Hong Kong Pastor Says China Monitored Webinar on Church-State Relations and Kicked Him Out of Online Session

Hong Kong and China flags

Authorities with the Chinese Communist Party are suspected to have hacked a Hong Kong church webinar, monitoring Christians discussing the country’s church-state relations and eventually booting the pastor from the session. 

International Christian Concern reports that on Aug. 30, the Church of Christ in China Tuen Mun Church was hosting a webinar titled “The Historic Changes of the Cross Under the Red Flag” when three unknown users identifying themselves with the Chinese government requested to join.

Three users identified as “National Security Bureau in China – Hong Kong Branch,” “National Security Bureau in China,” and “Shenzhen government” demanded access at the beginning of the session. All three were denied by the administrator, as the webinar was only opened to registered church members.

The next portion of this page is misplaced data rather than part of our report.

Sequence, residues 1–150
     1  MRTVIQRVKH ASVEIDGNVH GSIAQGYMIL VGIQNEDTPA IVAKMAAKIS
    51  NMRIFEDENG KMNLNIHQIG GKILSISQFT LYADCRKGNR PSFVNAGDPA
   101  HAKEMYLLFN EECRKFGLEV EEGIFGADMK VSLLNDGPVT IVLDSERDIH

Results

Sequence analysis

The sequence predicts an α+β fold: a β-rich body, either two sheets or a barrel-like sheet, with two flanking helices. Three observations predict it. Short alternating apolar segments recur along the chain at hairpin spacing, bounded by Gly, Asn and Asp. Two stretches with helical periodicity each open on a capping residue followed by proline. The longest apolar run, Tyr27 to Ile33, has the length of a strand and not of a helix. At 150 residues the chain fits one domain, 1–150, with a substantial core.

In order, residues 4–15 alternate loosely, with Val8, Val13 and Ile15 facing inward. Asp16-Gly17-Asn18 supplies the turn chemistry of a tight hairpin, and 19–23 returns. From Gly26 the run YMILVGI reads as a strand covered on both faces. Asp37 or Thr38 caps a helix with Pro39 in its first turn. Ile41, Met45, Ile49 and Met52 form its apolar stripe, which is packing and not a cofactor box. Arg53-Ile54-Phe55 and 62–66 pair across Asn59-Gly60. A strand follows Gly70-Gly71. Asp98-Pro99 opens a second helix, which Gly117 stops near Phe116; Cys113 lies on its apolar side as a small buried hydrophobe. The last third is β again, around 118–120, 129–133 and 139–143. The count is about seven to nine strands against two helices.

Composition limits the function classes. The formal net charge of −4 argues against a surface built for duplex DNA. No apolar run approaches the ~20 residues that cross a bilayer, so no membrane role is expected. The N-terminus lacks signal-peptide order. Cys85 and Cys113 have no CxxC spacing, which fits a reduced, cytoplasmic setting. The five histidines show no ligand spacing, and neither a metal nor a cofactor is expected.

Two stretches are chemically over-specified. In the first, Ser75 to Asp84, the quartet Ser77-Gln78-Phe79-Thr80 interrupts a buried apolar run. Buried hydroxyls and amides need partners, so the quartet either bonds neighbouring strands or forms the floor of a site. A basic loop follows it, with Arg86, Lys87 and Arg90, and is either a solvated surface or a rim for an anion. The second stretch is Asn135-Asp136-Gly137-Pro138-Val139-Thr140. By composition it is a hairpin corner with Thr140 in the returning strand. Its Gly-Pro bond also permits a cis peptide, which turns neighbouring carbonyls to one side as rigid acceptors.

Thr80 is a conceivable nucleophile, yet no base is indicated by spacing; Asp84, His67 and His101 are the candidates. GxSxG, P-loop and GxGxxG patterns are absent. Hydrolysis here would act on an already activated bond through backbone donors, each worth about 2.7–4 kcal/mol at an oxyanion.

When Pastor Chan Minyi mentioned this incident toward the end of the webinar, he was repeatedly removed by an unknown party from the session. He was booted from the session at least 10 times, followed by other coworkers from the church, forcing the church to end the webinar prematurely.

Confident his coworkers were not the ones who had removed him, Chan said he suspected there were “other people” tapping in the webinar. Though the church met through Google Meet, not Zoom, for security reasons, they were still put under surveillance.

“I believe the webinar is speaking the truth and is not in violation of any law,” the pastor said, adding that reporting the incident to police is futile, as the police and the national security personnel are essentially the same entity.

Similar reports have emerged out of China, where authorities routinely use technology to suppress religion and religious minorities.

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SOURCE: Christian Post, Leah MarieAnn Klett